Use the following code to embed this video. See our usage guide for more details on embedding.
Paste this in your document somewhere (closest to the closing body tag is preferable):
Paste this inside your HTML body, where you want to include the widget:
<div class="amara-embed" data-url="http://www.youtube.com/watch?v=yY-ANGQASKs" data-team="art21"></div>
Does the past have a sound?
Celebrated for his material-oriented practice, Kevin Beasley juxtaposes sound, silence and sculpture to examine the legacy of cotton in the American South. Set to the beat of his improvised drumming, the film shows Beasley at work in his Queens studio finishing his multipart exhibition, "A view of a landscape," at the Whitney Museum of American Art—his most ambitious work to date.
The installation is centered around the motor of a modern cotton gin—a machine originally invented in the late 1700s that streamlined the most labor-intensive part of cotton production, separating the fiber from the seed. Acquired on eBay, the motor was in operation from 1940–1973 in Maplesville, Alabama; in parallel to an era of intense social change that encompassed both the Great Migration and the passing of the Civil Rights Act. Housed in a glass soundproof chamber, the running motor is a visual, yet silent experience. Divorcing its sound was inspired by the motor's former owner, who was unable to articulate its sound to Beasley upon purchasing, but as a feeling that will "shake your insides."
The industrial roar is channeled into an adjacent gallery, recorded by an array of specialized microphones surrounding the motor in the vitrine—a complete sensory switch from the gallery next door. A noted musician, Beasley manipulates and enhances the motor's tones through a soundboard, each vibration embedded with a sonic history of the Southern soil. For Beasley, "sound is just as tactile as any other material, and has increasingly become a way to process the world."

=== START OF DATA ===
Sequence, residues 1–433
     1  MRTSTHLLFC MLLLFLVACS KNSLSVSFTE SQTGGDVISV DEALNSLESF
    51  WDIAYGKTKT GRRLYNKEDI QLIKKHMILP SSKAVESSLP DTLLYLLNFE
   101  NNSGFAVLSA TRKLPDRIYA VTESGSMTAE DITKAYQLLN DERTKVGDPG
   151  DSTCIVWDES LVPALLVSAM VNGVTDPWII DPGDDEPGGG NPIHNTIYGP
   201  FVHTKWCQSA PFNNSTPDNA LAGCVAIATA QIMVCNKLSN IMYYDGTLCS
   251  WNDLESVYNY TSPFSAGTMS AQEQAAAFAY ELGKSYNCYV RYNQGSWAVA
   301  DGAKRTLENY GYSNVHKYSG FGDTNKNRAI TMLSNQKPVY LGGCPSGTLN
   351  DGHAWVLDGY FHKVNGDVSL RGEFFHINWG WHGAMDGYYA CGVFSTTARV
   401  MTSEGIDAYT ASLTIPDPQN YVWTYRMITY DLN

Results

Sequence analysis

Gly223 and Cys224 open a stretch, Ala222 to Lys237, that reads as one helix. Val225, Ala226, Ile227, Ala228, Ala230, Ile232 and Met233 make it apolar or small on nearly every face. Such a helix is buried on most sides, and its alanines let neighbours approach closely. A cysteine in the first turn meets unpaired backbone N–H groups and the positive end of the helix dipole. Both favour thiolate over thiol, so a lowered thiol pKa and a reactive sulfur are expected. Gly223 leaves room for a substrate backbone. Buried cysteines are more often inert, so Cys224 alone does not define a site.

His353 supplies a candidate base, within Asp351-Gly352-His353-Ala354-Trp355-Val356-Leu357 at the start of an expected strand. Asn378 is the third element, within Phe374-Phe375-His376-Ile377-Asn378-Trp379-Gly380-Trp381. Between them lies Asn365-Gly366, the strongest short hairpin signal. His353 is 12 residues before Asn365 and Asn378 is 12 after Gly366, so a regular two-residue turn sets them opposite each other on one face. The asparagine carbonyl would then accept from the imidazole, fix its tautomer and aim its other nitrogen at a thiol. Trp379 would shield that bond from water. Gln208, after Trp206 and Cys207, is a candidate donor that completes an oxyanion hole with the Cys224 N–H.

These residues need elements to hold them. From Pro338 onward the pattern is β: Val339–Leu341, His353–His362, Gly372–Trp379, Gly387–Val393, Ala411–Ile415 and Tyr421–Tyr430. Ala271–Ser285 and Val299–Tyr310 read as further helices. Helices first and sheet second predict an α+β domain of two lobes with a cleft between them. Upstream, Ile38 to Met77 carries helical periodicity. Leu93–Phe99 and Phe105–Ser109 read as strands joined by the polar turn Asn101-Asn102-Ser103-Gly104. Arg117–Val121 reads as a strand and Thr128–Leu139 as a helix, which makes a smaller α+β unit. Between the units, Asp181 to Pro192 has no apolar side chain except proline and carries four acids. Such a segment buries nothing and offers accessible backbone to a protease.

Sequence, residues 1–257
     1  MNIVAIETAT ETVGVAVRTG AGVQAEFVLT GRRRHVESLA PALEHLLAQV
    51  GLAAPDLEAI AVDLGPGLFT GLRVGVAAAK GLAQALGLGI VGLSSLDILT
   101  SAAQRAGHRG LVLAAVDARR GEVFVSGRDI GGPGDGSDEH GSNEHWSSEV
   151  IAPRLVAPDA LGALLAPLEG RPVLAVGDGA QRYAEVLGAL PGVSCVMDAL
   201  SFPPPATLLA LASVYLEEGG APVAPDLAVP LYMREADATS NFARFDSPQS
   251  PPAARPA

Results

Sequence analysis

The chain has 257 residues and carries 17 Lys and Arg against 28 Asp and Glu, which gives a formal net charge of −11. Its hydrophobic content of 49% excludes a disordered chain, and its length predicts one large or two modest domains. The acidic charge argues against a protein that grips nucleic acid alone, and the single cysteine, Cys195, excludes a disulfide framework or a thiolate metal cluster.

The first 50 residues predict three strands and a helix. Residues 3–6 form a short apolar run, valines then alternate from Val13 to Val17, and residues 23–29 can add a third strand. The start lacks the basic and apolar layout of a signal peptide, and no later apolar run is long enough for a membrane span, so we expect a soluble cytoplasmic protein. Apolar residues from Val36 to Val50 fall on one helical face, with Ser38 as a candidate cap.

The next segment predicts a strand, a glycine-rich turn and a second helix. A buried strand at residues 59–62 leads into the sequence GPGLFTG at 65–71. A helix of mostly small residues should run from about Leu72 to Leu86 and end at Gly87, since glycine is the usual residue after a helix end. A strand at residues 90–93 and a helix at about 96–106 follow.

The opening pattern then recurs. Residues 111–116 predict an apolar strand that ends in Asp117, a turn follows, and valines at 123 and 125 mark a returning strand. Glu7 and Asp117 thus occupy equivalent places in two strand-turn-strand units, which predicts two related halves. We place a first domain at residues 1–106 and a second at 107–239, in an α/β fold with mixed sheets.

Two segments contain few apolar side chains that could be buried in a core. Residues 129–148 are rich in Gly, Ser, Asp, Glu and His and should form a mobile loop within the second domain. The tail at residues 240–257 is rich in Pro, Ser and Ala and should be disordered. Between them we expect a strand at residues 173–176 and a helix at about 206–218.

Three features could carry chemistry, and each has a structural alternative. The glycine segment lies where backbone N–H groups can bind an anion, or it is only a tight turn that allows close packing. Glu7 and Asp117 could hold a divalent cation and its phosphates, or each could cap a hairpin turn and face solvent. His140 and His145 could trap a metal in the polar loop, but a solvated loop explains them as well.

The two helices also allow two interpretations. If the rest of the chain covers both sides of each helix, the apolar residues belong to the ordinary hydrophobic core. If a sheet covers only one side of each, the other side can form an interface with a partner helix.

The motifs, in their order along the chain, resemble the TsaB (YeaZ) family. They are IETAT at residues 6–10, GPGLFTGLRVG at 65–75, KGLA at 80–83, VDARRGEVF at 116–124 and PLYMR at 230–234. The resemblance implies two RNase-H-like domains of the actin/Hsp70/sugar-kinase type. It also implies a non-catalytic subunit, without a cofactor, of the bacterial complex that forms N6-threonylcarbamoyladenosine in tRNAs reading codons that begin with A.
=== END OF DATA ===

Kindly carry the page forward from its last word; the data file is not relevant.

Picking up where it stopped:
Revealing the personal story that inspired the installation, Beasley describes his emotional response when he saw cotton growing on his family's Virginia farm. "Why am I so mad at this plant? This plant is not doing anything except growing and being beautiful." This creative journey is chronicled in three large "slab" sculptures. These wall-like assemblages are composed of seemingly disparate materials—a Yale sweater, durags, and sound equipment—set into place by a wall of Virgina-cotton, and mirror the contemporary complexity of race in the United States.
Kevin Beasley (b. 1985, Lynchburg, Virginia, USA) lives and works in Queens, New York. Learn more about the artist at:
CREDITS | Director & Producer: Christine Turner. Series Producer: Nick Ravich. Editor: Troy Herion. Cinematography: Jon Chen & Nick Fitzhugh. Location Sound: Edward Morris II. Production Coordinator: Danielle Brock. Music & Sound Mix: Troy Herion. Color Correction: Jonah Greenstein. Design & Graphics: Chips. Artwork Courtesy: Kevin Beasley. Archival Media Courtesy: Library Of Congress. Thanks: Casey Kaplan, Stephen Decker, Em Joseph, Veronica Levitt, Shani Strand, & Whitney Museum Of American Art.
This film is possible thanks to Hedy Fischer and Randy Shull. Additional support of "New York Close Up" is provided, in part, by public funds from the New York City Department of Cultural Affairs in partnership with the City Council; and by individual contributors.
© Art21, Inc. 2019. All rights reserved.